Winter Is Good for the Soul
Philip Koch, Winter, oil on canvas, 36 x48 inches, 2021
If this painting looks like it's too cold that's good. It's a painting I made as a thank you for an early lesson cold winter gave me.
It's done mostly from memory of my childhood in upstate New York. We lived right on the shore of Lake Ontario. Summers there were sweet. While the water was always on the cold side for swimming that never stopped us kids. Even on the hottest days there would be a breeze off the lake that kept the air comfortable.
Come winter things changed. Strong winds blew down from Canada and vacuumed away even the most stubborn leaves that tried to cling to their branches. The Ontario shoreline quickly froze over with a glistening coat of ice. Splashing waves would gradually build up mysterious forms that looked like icebergs. When the sun shone down on this I found it spellbindingly beautiful.
We kids climbed all over the fantasy-like playgrounds these little ice mountains would grow into. While in summers we competed to see who could last the longest swimming in the chilly waters, winter allowed no contest. The north winds were just too piercing. Winter provided us an extraordinary spectacle, but so often allowed us a only brief moments to take it in. It was a chilly prod to open ones eyes wide and let feelings come in.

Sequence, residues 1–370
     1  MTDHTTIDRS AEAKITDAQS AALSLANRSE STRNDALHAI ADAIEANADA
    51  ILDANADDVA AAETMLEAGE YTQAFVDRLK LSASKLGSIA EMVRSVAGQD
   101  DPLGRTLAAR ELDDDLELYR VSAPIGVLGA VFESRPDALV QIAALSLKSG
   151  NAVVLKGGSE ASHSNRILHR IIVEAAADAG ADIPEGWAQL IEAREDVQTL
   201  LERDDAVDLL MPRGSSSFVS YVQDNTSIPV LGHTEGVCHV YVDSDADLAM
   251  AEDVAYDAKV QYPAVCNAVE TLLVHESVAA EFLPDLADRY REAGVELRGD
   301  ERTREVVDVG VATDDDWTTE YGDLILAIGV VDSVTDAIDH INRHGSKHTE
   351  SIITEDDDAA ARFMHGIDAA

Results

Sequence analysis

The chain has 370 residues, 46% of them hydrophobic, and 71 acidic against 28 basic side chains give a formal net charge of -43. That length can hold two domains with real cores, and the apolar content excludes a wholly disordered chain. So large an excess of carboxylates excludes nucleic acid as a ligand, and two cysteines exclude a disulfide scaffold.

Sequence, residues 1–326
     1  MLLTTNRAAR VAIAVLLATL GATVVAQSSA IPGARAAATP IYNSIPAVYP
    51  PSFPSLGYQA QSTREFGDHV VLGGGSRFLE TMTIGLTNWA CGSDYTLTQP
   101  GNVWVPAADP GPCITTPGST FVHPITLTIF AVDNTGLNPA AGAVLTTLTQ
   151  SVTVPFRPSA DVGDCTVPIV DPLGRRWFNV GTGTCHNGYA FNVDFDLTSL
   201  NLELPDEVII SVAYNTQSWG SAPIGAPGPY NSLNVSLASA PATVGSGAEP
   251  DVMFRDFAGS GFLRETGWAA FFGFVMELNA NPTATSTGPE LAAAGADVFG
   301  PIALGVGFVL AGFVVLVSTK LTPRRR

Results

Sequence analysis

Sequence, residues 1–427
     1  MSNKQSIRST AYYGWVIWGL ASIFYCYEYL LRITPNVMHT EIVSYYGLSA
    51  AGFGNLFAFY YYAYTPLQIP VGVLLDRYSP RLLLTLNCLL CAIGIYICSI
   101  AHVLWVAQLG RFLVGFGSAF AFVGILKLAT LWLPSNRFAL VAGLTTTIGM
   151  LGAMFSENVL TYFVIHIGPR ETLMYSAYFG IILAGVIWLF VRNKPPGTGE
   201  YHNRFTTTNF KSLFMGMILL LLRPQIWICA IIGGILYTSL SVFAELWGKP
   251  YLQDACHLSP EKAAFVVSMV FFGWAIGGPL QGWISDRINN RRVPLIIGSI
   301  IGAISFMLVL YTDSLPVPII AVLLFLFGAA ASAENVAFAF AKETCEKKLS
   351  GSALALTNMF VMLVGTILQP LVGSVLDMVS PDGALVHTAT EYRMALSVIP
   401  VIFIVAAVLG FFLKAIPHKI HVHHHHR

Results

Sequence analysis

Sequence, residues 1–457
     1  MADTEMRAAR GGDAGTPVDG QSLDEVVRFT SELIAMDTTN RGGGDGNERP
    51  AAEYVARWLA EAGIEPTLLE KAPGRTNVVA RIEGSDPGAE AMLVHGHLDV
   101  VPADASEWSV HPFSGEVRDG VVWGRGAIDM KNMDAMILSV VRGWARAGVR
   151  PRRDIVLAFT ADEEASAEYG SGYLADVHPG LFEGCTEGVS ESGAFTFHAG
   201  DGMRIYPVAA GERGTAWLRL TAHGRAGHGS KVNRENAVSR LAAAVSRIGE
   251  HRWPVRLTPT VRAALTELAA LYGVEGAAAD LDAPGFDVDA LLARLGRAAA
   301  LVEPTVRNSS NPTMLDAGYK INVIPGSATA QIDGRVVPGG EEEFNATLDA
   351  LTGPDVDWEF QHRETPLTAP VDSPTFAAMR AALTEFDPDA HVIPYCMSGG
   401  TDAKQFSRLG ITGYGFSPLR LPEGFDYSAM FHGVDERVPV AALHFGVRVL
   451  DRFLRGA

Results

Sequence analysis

In our lives a rich and deep new feeling can come unannounced and sweep over us. Rarely do we have words to describe the experience. Often we have only a moment to grasp or savor it before it frustratingly starts to fade away. To me the work of a painter is to stop time. To nail down these extra-ordinary experiences. The painter invents a stable and concrete form that can hold these fugitive feelings. Then they can be shared with others.